Game li­cence growth

The Game Man­age­ment Au­thor­ity has re­leased de­tailed data show­ing a marked rise in the num­ber of game li­cence hold­ers but across all cat­e­gories the rel­a­tively low par­tic­i­pa­tion level of women and youth high­lights the op­por­tu­nity to grow.

Field and Game - - Game Licence statistics -

The ma­jor­ity of game li­cence hold­ers pre­dom­i­nantly hunt a sin­gle species of game with 19 557 (40 per cent) only hunt­ing deer and a fur­ther 14 711 (31 per cent) only hunt­ing duck. The re­main­ing 29 per cent of li­cence hold­ers hunt a com­bi­na­tion of game species.

A to­tal of 28 873 of all li­cence hold­ers (60 per cent) cur­rently hold a long-term li­cence (ie three years) with 23 per cent of this fig­ure claim­ing a con­ces­sion en­ti­tle­ment and 4 per cent hold­ing a ju­nior li­cence (12–17 years).

The duck sea­son was can­celled in 1995, 2003, 2007 and 2008 but the dips in li­cence num­bers in each of those years is more than made up for in later years when there was a sea­son.

Duck hunt­ing in Vic­to­ria is pre­dom­i­nantly a male re­cre­ation with 98.5 per cent of li­cence hold­ers with the duck en­ti­tle­ment be­ing male. Males aged 38 to 67 ac­count for 58 per cent of this fig­ure.

Ten per cent of fe­male duck hunters are aged 10–17 while for males it is just 2 per cent. The next aged bracket, 18–27, fol­lows a sim­i­lar pat­tern, mak­ing up 28 per cent of to­tal fe­male li­cence hold­ers and 10 per cent of male.

From 1995 to 2016 the to­tal num­ber of game li­cences has grown from 23 206 to 48 023 (106.9 per cent) and the dif­fer­ent li­cence types have recorded sig­nif­i­cant growth.

The raw num­bers show duck en­ti­tle­ments have risen from 17 156 to 25 646 (49.5 per cent) and quail en­ti­tle­ments 19 163 to 28 545 (48.9 per cent). While those num­bers are healthy, they pale in com­par­i­son to the surge in deer en­ti­tle­ments, which have gone from 7708 to 32 306 (320 per cent) over the same pe­riod.

Aus­tralian Deer As­so­ci­a­tion ex­ec­u­tive of­fi­cer Barry Howlett said ac­cess and abun­dance had drawn more peo­ple to deer hunt­ing. “The ex­plo­sion in deer num­bers is a big fac­tor but I also think lack of duck sea­sons in some years has also been a fac­tor,” he said. “There are peo­ple hunt­ing now that didn’t know there were deer 10 years ago.”

The age pro­file of li­cence cat­e­gories shows a skew­ing of duck hunt­ing to­wards an older au­di­ence.

The dra­matic growth in the num­ber of deer li­cences is un­der­pinned by a younger de­mo­graphic, with 38 per cent of hunters aged un­der 27 com­pared to 26 per cent of duck hunters. “Deer hunt­ing is more ac­ces­si­ble but for the most part you have to be fairly ac­tive; for younger peo­ple who have a 4WD and en­joy go­ing bush, it’s a nat­u­ral ex­ten­sion,” Barry said.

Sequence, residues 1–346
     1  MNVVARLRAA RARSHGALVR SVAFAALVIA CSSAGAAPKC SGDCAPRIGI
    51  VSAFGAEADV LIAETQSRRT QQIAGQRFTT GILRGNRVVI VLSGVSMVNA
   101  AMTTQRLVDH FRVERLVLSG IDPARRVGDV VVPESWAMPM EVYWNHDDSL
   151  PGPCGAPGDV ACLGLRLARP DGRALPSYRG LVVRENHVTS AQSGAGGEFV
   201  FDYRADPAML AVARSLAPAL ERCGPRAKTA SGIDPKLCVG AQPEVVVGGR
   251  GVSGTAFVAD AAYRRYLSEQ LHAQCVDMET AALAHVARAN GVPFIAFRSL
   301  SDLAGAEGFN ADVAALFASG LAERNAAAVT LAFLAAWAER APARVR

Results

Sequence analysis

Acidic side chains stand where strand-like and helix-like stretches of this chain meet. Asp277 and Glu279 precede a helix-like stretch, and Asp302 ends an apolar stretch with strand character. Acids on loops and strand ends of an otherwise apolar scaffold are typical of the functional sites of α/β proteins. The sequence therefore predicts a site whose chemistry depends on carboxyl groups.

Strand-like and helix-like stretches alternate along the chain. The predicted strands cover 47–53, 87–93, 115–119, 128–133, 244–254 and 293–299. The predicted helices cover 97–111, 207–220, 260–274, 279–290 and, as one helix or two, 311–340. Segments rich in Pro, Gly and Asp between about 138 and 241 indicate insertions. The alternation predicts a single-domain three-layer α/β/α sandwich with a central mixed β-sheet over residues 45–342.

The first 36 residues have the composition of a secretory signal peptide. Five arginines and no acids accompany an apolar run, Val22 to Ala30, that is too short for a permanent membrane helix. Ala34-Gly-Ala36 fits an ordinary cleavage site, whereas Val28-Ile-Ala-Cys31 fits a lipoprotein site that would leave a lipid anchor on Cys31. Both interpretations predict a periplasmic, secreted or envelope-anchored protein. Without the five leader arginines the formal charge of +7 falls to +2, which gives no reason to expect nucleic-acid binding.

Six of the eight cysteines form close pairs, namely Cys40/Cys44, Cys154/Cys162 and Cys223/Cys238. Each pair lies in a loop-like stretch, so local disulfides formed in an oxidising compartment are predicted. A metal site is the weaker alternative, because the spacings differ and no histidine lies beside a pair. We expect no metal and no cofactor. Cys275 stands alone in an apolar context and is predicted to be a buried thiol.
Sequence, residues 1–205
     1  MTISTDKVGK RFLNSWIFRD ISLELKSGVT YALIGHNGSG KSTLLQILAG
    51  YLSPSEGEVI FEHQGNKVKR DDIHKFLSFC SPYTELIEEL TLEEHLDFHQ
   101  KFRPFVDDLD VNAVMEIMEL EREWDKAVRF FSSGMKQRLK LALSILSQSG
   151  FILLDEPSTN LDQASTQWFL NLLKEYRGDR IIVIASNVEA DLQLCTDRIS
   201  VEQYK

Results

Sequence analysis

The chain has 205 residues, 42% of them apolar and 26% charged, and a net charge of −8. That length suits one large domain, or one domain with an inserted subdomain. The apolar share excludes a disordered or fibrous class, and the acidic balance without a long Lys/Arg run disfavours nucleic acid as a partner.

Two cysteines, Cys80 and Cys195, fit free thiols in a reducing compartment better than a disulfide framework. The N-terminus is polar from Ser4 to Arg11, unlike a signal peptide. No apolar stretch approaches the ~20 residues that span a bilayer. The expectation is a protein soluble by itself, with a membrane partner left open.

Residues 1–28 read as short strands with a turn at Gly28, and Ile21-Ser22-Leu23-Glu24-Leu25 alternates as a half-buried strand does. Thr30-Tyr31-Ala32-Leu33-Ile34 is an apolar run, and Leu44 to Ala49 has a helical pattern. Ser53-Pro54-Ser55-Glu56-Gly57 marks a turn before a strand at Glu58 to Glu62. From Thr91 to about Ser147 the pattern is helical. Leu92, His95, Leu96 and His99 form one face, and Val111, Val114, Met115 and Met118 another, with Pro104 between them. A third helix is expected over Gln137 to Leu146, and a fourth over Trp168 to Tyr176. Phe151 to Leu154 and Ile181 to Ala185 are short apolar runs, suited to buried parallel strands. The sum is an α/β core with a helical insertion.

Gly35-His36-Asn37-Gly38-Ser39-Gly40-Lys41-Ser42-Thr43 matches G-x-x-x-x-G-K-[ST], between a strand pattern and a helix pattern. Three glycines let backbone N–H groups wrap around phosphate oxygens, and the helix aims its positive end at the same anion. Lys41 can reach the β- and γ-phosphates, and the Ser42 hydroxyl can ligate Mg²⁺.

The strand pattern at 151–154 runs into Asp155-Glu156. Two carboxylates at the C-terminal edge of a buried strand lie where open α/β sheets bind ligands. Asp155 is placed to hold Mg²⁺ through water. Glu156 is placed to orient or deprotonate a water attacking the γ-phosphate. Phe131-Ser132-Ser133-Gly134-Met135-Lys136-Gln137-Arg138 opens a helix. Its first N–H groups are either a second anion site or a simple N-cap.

Six out of 10 deer hunters are aged un­der 47 but for ducks, it is four hunters out of ev­ery 10.

FGA gen­eral man­ager David Mc­n­abb said that could be ex­plained in part by the longevity of duck hunters. “You can keep duck hunt­ing a lot longer than you can deer hunt­ing; for many of our mem­bers, hunt­ing ducks is a long­stand­ing fam­ily tra­di­tion and it is not un­usual to find three gen­er­a­tions of the one fam­ily in a duck camp.”

The age and gen­der de­mo­graph­ics of game li­cence hold­ers show that duck hunt­ing skews to older males but that presents an op­por­tu­nity to grow by at­tract­ing youth and women.

Delta Wa­ter­fowl met the chal­lenge of a sim­i­lar age pro­file in North Amer­ica by im­ple­ment­ing a youth hunt pro­gram in 2001.

Delta Wa­ter­fowl con­ducted its first men­tored hunt on the famed Delta Marsh, which spawned what to­day is North Amer­ica’s largest wa­ter­fowl spe­cific hunter re­cruit­ment pro­gram, First Hunt.

First Hunt events of­fer a com­pre­hen­sive im­mer­sion into a rich wa­ter­fowl-hunt­ing her­itage. Day one in­cludes a broad range of skill train­ing, which in­cludes wa­ter­fowl­ing-spe­cific gun safety and wing-shoot­ing, in­tro­duc­tion to duck and goose call­ing, de­coy place­ment, re­triever train­ing, duck iden­ti­fi­ca­tion, etc.

Day two finds a new hunter paired with an ex­pe­ri­enced men­tor for a trip to the blind. After a suc­cess­ful hunt, the new hunters are taught to han­dle, clean and cook their har­vest. This ex­pe­ri­ence, from skills de­vel­op­ment to the shoot­ing of a new hunter’s first duck, cul­mi­nat­ing in a duck din­ner, pro­vides a rich and pow­er­ful bap­tism into the wa­ter­fowl hunt­ing fra­ter­nity.

In 2015, 126 First Hunt events at­tracted 5666 par­tic­i­pants. “We are pur­su­ing the youth hunt con­cept but it needs to fit the reg­u­la­tory en­vi­ron­ments we op­er­ate within,” David said. “The ini­tial dis­cus­sions sug­gest there is a way for­ward. We want to en­cour­age new duck hunters by of­fer­ing them the knowl­edge to op­er­ate safely in the field and to un­der­stand and re­spect the tra­di­tions, value of the birds they har­vest and un­der­stand the clear link be­tween hunt­ing and con­ser­va­tion.”

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